Also in the WSJ: “There is No Such Thing as Nuclear Waste”

Michael Giberson

William Tucker, author of “Terrestrial Energy: How Nuclear Power Will Lead the Green Revolution and End America’s Long Energy Odyssey,” has an essay in today’s WSJ pinning the U.S. nuclear waste problem on decisions by Presidents Ford and Carter to abandon reprocessing of spent nuclear fuel.

The reasons for abandoning reprocessing – mostly fear that plutonium would end up as bombs in terrorist hands – are no longer such a concern (because other sources would be more convenient, should someone want to develop a bomb, than a U.S. reprocessing facility). Reprocessing dramatically reduces the waste disposal problem.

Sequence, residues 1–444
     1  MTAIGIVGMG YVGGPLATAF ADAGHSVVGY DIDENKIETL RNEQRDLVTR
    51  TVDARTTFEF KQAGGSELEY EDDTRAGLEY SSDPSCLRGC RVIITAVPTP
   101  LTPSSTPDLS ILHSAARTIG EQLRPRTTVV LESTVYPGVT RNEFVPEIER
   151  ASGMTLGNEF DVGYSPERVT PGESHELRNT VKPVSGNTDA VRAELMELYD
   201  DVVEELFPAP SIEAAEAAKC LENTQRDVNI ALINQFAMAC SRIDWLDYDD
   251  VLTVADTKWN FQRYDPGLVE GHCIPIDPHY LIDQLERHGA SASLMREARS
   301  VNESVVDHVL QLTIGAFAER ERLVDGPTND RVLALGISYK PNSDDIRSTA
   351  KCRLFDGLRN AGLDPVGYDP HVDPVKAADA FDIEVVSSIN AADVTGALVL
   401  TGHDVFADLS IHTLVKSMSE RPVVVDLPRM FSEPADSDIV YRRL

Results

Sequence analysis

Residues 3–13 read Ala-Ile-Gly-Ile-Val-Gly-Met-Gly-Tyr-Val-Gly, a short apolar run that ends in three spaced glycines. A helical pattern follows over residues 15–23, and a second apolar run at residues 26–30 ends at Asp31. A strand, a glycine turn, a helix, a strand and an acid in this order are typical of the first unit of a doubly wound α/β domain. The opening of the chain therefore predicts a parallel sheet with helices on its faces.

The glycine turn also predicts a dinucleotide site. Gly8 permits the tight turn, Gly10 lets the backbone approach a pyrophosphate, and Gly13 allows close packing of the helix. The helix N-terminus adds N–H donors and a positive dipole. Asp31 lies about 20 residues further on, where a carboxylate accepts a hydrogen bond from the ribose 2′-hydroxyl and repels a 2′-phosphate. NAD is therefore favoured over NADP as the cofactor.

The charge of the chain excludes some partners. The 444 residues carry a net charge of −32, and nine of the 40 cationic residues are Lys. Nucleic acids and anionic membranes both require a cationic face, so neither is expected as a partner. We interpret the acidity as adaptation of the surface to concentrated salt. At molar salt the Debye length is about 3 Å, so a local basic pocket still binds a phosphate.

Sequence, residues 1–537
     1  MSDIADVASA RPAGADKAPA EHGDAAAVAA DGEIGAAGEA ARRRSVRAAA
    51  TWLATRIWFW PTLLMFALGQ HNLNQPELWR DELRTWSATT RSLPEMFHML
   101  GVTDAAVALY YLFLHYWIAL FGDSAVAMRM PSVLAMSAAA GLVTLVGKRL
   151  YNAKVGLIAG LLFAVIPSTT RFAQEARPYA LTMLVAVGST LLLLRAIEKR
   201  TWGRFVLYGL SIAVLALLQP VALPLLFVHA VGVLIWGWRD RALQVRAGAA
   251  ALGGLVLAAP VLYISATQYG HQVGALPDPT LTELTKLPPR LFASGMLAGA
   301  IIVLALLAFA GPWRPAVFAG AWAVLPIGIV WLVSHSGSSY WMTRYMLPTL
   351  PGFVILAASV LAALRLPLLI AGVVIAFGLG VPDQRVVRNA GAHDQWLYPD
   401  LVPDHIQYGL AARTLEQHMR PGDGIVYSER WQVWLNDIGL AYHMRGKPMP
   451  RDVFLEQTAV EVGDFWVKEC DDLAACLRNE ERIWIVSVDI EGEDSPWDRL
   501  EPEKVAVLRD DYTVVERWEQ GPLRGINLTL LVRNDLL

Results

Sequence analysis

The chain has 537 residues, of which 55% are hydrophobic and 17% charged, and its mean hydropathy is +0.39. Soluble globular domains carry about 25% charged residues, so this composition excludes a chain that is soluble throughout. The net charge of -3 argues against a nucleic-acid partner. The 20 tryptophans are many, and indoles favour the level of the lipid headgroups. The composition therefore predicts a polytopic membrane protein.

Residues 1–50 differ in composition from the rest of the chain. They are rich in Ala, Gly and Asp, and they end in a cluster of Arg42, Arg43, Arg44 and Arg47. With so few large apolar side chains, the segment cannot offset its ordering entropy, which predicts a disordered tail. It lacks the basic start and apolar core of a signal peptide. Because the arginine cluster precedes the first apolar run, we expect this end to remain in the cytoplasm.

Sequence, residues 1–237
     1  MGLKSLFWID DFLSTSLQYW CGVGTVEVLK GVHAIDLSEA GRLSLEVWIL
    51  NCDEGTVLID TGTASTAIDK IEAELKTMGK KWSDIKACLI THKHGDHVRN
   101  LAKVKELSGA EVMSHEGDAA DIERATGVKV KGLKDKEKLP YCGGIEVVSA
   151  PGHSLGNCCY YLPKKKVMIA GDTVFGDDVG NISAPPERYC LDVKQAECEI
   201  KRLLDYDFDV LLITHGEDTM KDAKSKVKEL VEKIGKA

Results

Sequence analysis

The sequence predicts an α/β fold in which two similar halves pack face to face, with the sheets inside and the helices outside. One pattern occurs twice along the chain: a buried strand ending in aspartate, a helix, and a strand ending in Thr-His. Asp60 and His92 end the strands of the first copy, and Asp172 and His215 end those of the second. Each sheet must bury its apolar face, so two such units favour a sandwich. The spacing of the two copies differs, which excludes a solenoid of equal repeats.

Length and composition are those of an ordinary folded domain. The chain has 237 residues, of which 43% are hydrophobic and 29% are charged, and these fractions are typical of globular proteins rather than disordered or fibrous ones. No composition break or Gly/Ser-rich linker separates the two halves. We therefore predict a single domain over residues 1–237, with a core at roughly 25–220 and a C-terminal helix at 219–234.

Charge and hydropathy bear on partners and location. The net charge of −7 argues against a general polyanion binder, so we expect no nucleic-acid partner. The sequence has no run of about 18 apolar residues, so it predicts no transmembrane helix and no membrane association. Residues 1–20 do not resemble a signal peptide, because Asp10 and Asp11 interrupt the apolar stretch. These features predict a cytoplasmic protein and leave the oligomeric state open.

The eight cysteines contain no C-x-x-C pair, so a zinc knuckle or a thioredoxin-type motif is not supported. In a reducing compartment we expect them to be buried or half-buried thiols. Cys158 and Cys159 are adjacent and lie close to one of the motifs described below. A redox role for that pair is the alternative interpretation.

Tucker says, “France, which completely reprocesses its recyclable material, stores all the unused remains — from 30 years of generating 75% of its electricity from nuclear energy — beneath the floor of a single room at La Hague.” (Maybe the Nuclear Energy Institute could offer to store the unused material from reprocessing in the basement of their Washington, D.C., offices?)